Today (31st January), the Silchester Environs Iron Age Project at the University of Reading posted a Tweet about their conference on the 22nd April 2017. This is the Late Iron Age Oppida Conference 2017, which is ‘A review of recent and current research into Late Iron Age British towns and their landscapes’ – see www.reading.ac.uk/silchester/Excavations/Sil-Environs-Iron-Age.aspx . (An ‘oppidum‘ (plural, oppida) is a defended settlement.) Trust director Philip will be presenting a paper at the conference about the oppidum of Camulodunum at Colchester. The other speakers will talk about the oppida at Bagendon in Gloucestershire; at Stanwick, North Yorkshire; at Arundel, West Sussex; at Ham Hill in Somerset; Calleva at Silchester in Hampshire; and oppida in Hertfordshire. A conference is the interface between commercial archaeology and academic archaeology – the Trust is a commercial archaeological field unit.
Philip’s paper is titled ‘The Catuvellauni and the Trinovantes at Camulodunum or not, and more….’, by Philip Crummy of the Colchester Archaeological Trust. The abstract of the paper is quite long and detailed *. Philip will be talking about the Trust’s archaeological fieldwork projects within the area of the oppidum in the past 20 years, including sites within the old garrison and a recent site at Stanway.
The Trust has been conducting archaeological fieldwork projects within the old garrison ahead of redevelopment since 2000, and we are still conducting fieldwork projects there. For example, we are currently engaged in an archaeological watching brief at the Flagstaff House complex (now ‘Arena Place’), just round the corner from our HQ. Our recent fieldwork projects there and elsewhere within the oppidum have produced new evidence and Philip will be presenting this at the conference, along with new interpretations about the oppidum. CAT Report 412 is the Trust’s detailed report on our excavations within the old garrison between 2004 and 2007.
In CAT Report 412: ‘… Virtually the entire Garrison forms part of a historic landscape dominated by the major Late Iron Age defended settlement (oppidum) of Camulodunum ([Figure] 1.2). The defences of the oppidum were formed by a series of dykes, ie monumental bank and ditch boundaries. The dyke marking the eastern side of Camulodunum, Berechurch Dyke, extends across the south-eastern part of the development, turning to the north-east well south of the town centre.
The area to the north of the dry valley adjoins the Roman legionary fortress and town of Colonia Victricensis ([Figure] 1.2) … This part of the Garrison includes substantial portions of Colchester’s Romano-British cemeteries and portions of the medieval suburbs, which are largely ecclesiastical in character.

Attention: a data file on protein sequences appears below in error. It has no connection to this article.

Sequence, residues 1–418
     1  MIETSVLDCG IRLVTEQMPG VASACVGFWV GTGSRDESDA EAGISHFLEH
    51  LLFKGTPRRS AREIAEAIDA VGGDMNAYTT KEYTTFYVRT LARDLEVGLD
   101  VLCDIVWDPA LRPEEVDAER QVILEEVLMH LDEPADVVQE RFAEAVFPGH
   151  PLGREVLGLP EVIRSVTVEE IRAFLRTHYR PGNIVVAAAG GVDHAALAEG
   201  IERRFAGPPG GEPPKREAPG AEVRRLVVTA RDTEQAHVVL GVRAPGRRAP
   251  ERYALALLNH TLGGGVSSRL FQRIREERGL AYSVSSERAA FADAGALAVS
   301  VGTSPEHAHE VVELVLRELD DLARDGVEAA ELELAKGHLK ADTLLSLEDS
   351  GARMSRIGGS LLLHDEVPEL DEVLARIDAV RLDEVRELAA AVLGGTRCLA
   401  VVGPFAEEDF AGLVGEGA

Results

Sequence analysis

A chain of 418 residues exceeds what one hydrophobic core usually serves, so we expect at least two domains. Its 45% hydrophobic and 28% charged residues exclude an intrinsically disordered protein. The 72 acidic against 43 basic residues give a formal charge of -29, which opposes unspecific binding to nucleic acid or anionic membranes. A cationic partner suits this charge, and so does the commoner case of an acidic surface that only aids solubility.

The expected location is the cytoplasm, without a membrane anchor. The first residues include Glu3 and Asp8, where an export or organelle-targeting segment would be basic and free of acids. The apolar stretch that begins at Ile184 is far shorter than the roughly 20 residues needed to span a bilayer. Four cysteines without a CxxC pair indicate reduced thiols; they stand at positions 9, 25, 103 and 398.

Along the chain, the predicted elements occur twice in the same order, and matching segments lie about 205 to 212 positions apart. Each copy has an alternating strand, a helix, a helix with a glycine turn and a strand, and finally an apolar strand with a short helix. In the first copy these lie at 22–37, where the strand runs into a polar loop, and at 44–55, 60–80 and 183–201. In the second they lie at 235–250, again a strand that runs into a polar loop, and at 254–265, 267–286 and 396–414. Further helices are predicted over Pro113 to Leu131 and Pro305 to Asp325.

To the south of the valley … Extensive cropmarks and linear features indicate the presence of Late Iron Age/Romano-British fields and droveways …’.
The Trust’s archaeological fieldwork projects within the old garrison have been funded by Taylor Wimpey, and conducted by the whole unit.
The images show the area of the oppidum (image from the Trust’s popular book City of Victory – the story of Colchester, Britain’s first Roman town) and Figure 1.2 from CAT Report 412, the Late Iron Age/early Roman oppidum, between the River Colne and the Roman River, with its defensive dykes, roads and major droveways, and the principal sites, including the area of the old garrison.
* Philip’s abstract reads ‘… This presentation will consist of a brief overview of the work on the site of Camulodunum since the publication in 1995 of Camulodunum 2 by C F C Hawkes and Philip Crummy. Much has happened since then, with the excavation of a string of relevant sites in the area. These mainly consist of:
a) a group of Iron Age and Roman enclosures at Stanway (since fully published as a Britannia monograph);
b) field systems and dyke at the substantial Colchester Garrison site;
c) the Late Iron Age and Roman farmstead at Abbotstone on the fringes of the oppidum;
d) the central part of Gosbecks (now the Gosbecks Archaeological Park);
e) enclosures and round-houses on the site of part of the Fiveways Fruit Farm, Stanway; and
f) the eastern side of the Sheepen site which turns out to be dominated by Claudio-Neronian occupation but with indications of activities as early as the latter part of the 1st century BC.
Issues considered will include:
a) the nature and date of the origin of the oppidum and its relationship, if any, to the few Middle Iron Age round-houses which have been recognised recently over a wide area;
b) the relationship between the Catuvellauni, the Trinovantes, and Camulodunum; and
c) Camulodunum in the Roman period …’.